The first problem with this implementation is that creating direct neighbours from the neighbours of the first node encountered will results in a high degree of locality. In extreme cases this will reduce a network to a large number of distinct islands of subnets. Furthermore, there are far too much edges in the net from any connected node to another, leading to a lot of overhead. The existence of local subnets has been identified by (10).
A few rudimentary safety features have been implemented to reduce the network traffic. First of all, a message received directly from a webclient is given a pseudorandom codestring to identify it across the network. This ensures that a network node will not rebroadcast a message more than once, thus eliminating loops from the network. Second, a time to live (TTL) variable is added that is decremented at every node. The TTL ensures that a message dies out after a certain amount of time. The downside of this is that there exists the change that a query is not being sent across the entire network. Our current implementation uses a TTL of 32, which would allow more than 4 billion nodes to receive the message if each node has only 2 direct neighbours. I therefore expect, although I don't have any proof for this, that the TTL is rarely used to stop a message from being resent.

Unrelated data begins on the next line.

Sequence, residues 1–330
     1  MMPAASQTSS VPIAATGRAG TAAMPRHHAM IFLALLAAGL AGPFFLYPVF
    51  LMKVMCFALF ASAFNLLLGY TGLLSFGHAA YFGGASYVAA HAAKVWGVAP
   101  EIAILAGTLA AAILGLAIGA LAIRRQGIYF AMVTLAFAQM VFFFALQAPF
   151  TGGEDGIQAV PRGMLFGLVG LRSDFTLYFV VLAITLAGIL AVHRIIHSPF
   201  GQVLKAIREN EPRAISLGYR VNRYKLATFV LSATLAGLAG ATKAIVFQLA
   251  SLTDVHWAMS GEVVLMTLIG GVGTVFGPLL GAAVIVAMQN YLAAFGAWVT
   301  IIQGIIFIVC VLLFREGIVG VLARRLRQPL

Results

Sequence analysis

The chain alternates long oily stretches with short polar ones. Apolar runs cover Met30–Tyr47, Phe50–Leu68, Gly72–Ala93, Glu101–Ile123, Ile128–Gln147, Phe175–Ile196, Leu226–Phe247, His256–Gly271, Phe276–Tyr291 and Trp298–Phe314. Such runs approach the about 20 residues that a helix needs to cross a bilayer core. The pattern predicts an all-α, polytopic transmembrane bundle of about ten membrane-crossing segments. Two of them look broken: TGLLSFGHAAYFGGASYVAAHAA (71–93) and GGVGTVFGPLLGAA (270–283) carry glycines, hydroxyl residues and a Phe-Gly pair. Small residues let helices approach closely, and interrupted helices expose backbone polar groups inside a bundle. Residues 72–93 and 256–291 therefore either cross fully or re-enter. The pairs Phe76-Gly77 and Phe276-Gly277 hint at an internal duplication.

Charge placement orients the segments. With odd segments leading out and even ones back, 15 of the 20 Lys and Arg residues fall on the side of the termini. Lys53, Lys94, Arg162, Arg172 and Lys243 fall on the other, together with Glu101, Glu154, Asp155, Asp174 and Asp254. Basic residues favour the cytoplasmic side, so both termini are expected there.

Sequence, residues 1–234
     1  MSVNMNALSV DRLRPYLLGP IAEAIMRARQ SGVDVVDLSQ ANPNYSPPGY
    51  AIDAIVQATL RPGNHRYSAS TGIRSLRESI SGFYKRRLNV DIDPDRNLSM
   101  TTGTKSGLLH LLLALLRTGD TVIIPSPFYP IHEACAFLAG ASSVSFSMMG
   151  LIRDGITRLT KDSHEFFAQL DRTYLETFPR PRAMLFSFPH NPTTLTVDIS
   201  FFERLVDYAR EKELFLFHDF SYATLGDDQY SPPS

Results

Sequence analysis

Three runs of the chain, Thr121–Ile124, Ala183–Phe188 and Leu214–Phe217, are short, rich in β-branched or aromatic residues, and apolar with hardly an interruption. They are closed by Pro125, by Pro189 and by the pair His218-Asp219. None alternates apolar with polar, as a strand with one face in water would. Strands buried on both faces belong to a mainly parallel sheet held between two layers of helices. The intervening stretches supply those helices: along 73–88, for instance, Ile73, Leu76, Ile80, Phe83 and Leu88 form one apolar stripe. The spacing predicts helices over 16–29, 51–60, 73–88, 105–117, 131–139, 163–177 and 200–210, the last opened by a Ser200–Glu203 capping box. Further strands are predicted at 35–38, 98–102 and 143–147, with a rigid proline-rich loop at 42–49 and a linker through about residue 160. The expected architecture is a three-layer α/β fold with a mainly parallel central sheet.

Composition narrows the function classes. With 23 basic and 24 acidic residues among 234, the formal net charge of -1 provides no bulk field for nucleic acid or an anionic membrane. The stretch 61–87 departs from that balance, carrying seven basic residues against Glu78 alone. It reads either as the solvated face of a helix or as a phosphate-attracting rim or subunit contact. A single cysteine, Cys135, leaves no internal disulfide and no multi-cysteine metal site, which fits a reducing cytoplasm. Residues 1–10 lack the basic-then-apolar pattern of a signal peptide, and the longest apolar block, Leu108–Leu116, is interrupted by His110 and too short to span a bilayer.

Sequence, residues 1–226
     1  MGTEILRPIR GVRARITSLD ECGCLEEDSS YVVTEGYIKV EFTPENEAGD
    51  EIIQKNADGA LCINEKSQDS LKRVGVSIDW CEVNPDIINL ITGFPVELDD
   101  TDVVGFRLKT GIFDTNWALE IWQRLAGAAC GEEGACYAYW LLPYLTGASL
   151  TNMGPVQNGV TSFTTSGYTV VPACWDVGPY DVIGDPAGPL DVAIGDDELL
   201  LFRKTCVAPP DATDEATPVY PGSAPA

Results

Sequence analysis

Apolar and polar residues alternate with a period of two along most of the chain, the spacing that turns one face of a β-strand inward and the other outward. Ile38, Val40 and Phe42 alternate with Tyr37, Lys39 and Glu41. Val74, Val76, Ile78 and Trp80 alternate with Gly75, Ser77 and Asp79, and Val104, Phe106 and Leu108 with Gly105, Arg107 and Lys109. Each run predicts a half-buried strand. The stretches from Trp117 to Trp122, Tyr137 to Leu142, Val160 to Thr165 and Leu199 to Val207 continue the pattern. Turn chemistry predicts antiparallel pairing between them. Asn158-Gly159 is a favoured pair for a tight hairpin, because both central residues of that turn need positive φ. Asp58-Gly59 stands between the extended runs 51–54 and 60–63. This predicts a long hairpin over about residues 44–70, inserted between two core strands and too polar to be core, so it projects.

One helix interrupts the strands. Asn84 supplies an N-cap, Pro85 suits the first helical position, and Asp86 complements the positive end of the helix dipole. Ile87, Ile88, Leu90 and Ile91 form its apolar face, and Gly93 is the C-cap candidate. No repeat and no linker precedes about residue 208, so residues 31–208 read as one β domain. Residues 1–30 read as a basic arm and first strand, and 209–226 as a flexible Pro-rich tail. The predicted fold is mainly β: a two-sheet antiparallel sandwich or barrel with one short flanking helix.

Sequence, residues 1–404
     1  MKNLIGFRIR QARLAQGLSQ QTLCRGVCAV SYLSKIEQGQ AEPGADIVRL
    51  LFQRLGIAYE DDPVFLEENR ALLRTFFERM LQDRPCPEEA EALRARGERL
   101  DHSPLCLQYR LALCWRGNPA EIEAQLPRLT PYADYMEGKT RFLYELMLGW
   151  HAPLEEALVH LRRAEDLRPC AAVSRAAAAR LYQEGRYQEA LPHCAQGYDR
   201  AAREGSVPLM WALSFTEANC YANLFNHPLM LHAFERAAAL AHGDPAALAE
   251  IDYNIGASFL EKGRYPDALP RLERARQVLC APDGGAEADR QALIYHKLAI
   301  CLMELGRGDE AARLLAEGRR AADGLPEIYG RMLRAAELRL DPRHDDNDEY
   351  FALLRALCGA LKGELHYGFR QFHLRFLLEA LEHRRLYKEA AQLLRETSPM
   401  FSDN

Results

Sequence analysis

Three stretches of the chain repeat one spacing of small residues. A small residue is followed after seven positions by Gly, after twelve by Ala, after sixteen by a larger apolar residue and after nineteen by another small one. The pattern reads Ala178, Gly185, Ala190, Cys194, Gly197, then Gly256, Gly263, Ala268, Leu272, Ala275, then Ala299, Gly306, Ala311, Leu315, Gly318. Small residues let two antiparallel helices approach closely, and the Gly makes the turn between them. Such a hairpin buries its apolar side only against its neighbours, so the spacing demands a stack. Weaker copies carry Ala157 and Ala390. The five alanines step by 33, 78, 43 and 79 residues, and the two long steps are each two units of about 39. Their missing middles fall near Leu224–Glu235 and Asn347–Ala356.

The nodes basically have one receiving socket, the server, that listens to standard HTTP requests and as much sending sockets, clients, as there are direct neighbours in the active configuration. The clients rebroadcast the original HTTP message together with the added TTL and identifying string if allowed. Using standard HTTP basically creates a webserver. The gNutella network also sends messages using HTTP, but does not actively support webclients. Our testprogram, on the other hand, sends results in XML with XSLt and CSS extensions. XSLt documents contain translation rules. In our case this extra document tells the receiving client how to transform the raw XML data into a user friendly HTML webpage. The other link, a Cascading Style Sheet, adds some extra customization of the webpage. Because we simply send raw data to the user most processing of data is executed at the webclient's local machine. This should increase the maximum network throughput. A secondary advantage of this scheme over the use of hardcoded parsing rules is the flexibility of data output it entails. The sending of XML allows other programs to reinterpret the data and webmasters to present it to their users in a customized way.